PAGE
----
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Top Apps For Reading Voice Over
Copy On iPhone, iPad & Android

By Dave Courvoiser
Voice Actor & TV News Anchor

Tablet computers are showing up in voice over studios everywhere.

I’ve blogged extensively about the use of an iPad or Android-powered tablet as a mobile recording device, but perhaps its most useful role is that of a reader - replacing sheets of paper or a book.

Paper is centuries-old tradition, so not everyone will be an overnight fan, but a tablet can be held in just about any position that a piece of paper can, and you can do away with the printer in your office.


Other advantages of the tablet computers for voice over:
  • Silence: no shuffling of papers
  • Green: no trees sacrificed
  • Immediately adjustable font-size with the flip of two fingers
  • Downloads and displays docs and PDFs from "the cloud” effortlessly
  • Allows annotations, mark-ups, underscores, arrows, etc. to highlight the copy
  • Replenishable: use over and over
  • It has a certain "cool” factor (not that that matters, right?)

If you’re just jumping onboard the tablet wagon, or haven’t had the time to research the best apps for using the device in your studio, look no further.

I’ve been sussing it out and humbly offer you my Top 10 Tablet VO Apps for the iPad / iPhone and Android.


1. GoodReader. Opens just about any kind of doc or PDF, downloaded from almost all the popular cloud services, allows annotation, and is intuitive to use.

2. QuickOffice. Much like GoodReader. The pro version is a little pricier, but this one handles .docs better, also letting you generate new .docs, presentations, and spreadsheets; and connects to about every concievable cloud service.

3. ReaddleDocs. Slick interface, opens .docs and PDFs. Connects to all the usual suspect cloud services and email accounts. Has a quick search function. Annotation functions are easy but rudimentary compared to some of the others.

4. iAnnotatePDF. Seems to be the fave of audiobook narrators. Rich annotation feature-set, search functions, and other key tools. Highly configurable. I find the interface to be confusing, but after a while you get used to it. Only plays in PDF-land, not .docs. Downloads from cloud services.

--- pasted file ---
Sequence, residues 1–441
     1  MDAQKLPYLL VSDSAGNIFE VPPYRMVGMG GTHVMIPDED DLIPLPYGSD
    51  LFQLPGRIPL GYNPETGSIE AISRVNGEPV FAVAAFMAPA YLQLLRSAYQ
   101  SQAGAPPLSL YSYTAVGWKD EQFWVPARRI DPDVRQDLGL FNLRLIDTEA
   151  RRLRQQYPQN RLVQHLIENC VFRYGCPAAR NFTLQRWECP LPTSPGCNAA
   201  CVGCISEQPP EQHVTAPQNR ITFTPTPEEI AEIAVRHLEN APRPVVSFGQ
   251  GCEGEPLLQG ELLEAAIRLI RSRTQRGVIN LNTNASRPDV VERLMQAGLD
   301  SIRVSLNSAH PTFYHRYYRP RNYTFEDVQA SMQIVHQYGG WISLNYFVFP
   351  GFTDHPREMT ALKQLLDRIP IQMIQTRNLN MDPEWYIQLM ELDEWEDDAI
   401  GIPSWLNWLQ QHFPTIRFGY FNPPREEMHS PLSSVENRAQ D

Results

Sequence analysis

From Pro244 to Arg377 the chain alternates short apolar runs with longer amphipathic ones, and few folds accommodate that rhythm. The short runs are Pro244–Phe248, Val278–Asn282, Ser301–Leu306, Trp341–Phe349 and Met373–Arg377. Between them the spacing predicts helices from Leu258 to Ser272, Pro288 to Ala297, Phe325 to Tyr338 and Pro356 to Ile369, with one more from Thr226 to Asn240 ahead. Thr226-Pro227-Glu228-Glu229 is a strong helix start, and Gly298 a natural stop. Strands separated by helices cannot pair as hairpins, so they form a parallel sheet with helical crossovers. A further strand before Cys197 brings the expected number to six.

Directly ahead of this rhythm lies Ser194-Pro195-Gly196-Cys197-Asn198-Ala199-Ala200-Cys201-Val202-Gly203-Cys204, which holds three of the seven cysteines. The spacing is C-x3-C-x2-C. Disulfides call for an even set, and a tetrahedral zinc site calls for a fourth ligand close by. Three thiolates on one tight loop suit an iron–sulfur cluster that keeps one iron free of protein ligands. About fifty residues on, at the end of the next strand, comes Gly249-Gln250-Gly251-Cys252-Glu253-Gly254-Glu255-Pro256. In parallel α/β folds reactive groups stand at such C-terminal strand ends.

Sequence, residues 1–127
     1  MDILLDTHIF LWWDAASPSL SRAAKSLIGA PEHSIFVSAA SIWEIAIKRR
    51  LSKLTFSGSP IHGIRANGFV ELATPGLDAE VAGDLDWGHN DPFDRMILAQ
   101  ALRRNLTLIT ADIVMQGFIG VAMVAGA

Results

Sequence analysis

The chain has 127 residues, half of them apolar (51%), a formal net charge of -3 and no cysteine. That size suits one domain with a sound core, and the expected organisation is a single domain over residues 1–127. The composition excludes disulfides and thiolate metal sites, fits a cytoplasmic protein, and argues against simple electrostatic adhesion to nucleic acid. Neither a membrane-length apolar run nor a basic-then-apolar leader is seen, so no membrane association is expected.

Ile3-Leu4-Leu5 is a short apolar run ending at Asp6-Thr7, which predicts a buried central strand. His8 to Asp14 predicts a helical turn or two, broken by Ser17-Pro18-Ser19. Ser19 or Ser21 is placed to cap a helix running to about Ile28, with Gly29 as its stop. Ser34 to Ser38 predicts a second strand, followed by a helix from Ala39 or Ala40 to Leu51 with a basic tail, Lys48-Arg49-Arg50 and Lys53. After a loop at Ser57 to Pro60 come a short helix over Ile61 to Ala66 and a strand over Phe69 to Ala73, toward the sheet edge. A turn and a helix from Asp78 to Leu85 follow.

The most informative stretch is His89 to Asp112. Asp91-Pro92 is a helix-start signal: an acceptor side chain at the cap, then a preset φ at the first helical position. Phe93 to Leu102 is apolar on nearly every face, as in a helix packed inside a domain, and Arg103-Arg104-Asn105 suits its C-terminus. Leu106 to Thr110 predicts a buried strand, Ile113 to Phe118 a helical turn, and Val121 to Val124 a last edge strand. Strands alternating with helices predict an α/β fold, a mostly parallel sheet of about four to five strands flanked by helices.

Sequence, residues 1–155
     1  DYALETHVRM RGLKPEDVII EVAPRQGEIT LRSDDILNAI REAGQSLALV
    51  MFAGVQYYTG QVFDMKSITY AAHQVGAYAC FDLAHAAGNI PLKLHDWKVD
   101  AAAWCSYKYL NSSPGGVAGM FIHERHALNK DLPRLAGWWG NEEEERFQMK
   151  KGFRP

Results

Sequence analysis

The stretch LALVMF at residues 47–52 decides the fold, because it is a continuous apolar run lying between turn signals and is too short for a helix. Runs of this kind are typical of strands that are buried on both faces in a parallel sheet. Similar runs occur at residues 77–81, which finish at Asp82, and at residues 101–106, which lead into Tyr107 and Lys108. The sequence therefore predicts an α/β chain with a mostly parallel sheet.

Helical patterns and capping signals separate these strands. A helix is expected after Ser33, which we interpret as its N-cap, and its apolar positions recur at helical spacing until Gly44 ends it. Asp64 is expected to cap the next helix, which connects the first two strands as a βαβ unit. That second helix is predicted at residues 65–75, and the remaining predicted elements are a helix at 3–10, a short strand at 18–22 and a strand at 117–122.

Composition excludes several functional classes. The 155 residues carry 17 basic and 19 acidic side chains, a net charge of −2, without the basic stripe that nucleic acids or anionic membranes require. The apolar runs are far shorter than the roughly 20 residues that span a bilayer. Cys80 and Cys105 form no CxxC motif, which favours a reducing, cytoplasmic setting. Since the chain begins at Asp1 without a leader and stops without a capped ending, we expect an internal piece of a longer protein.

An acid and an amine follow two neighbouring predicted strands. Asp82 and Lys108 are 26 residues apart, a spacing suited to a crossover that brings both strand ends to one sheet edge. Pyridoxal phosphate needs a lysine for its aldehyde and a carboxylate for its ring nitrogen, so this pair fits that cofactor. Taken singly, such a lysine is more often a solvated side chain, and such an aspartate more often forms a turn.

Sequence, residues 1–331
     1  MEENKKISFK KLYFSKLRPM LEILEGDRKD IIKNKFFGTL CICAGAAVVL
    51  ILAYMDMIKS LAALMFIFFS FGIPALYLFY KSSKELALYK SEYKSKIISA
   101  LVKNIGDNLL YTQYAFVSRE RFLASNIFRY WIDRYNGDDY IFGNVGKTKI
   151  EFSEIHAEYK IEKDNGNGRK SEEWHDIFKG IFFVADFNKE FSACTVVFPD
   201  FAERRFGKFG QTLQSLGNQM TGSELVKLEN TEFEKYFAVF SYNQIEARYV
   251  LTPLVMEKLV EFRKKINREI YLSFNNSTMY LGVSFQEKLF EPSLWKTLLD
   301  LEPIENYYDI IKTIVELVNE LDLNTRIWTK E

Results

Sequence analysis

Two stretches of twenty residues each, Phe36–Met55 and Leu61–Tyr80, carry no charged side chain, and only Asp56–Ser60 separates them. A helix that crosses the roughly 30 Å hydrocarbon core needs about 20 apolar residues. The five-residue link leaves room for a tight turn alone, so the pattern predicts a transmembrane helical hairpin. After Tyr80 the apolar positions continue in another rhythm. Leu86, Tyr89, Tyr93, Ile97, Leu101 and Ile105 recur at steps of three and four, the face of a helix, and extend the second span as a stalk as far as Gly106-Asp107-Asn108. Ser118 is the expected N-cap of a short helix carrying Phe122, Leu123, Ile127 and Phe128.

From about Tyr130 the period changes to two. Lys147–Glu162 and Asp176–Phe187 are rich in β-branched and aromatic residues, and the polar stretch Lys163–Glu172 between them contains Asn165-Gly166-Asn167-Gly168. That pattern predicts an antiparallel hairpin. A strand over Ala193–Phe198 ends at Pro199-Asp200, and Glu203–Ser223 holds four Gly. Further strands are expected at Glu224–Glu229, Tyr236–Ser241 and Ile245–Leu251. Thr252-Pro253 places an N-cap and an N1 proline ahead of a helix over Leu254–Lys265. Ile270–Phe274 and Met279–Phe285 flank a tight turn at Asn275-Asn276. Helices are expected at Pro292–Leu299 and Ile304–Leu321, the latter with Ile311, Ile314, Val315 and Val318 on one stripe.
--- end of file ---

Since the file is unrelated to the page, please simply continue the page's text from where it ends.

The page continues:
5. PDF ReaderPro. An iAnnotate clone with it’s own style (more intuitive interface, I think). Allows annotation, cloud downloads, bookmarking, printing, and a host of other handy features, like sharing, that make it tops on my list. Again, only PDF.

6. PDF Expert. Still another top-notch PDF reader. Allows annotation, downloading from the cloud, free-hand mark-ups, highlighting with different colors, printing, saving - the works. The PDF Expert and iAnnotate, as well as PDF ReaderPro, are amazing in the array of things it can do. You’ll wonder why you use a desktop or laptop computer.

7. Honorable Mention - File Sharing: iFiles, Box (, DropBox, Air Sharing, and Filer.


8. qPDFNotes. Does everything the big boys above can do, and just as sweetly. Has rich annotation, and mark-up features, and connects to all the cloud services you could ask for.

9. ezPDFReader. Ditto. Allows for magnification, split layouts, lots of annotation tools, plus has a nifty function for quickly scanning through the pages of a book. Plenty to like here.

10. Quick Office. Appears under this OS as another strong contender with all the features of its Apple cousin - plays well with docs and PDFs, and allows for annotation, as well as generation of new docs from scratch. Cloud connections.

Honorable Mention: Documents to Go. Allows for plenty of manipulation of existing docs, plus lets you generate .docs, .ppt (Power Point), and MX Excel files, as well as PDFs. Pretty nifty and more features than you’ll ever use.


It’s hard to stop here, actually.  There are so many handy apps for file handling and reading - and more being issued every day - that you can find just the right one for you with a little searching through the AppStore or Marketplace.

What’s YOUR favorite?  What have I missed? (Let us know in COMMENTS below.)


Dave Courvoisier ("pronounced just like the fine cognac, only no relation”) is an Emmy Award-winning broadcaster, writer, producer, voice actor, and the main weeknight news anchor on KLAS-TV, Channel 8, the Las Vegas CBS affiliate. He's become the voice over industry's social media tech guru, and writes Voice Acting in Vegas, a daily blog of adventures and observations in a style that’s true to his friendly Midwestern farm roots.

TV bio: KLAS-TV bio link

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Comments (2)
Duane Hamilton
1/13/2012 at 9:23 PM
I like Speech Prompter for the iPad. Import and edit your copy and then scroll just like in a TV studio. Very cool!
Jay Webb
11/1/2011 at 7:21 AM
Thank you for the information Dave! We can always count on you for timely contributions like this.

Personally, I've been away from paper for nearly 2 years, only using it occasionally. I have a silent laptop in my booth that I can position almost anywhere in relation to the mic. Of course, just about any file format can be used with it. Unfortunately, I haven't made the jump to a tablet because I haven't done any research. I HAVE been thinking for some time that they might be a viable option. So you've uncovered the mystery for me. Now I have no excuse (except $$$ LOL!).

Thanks Dave! Great article.
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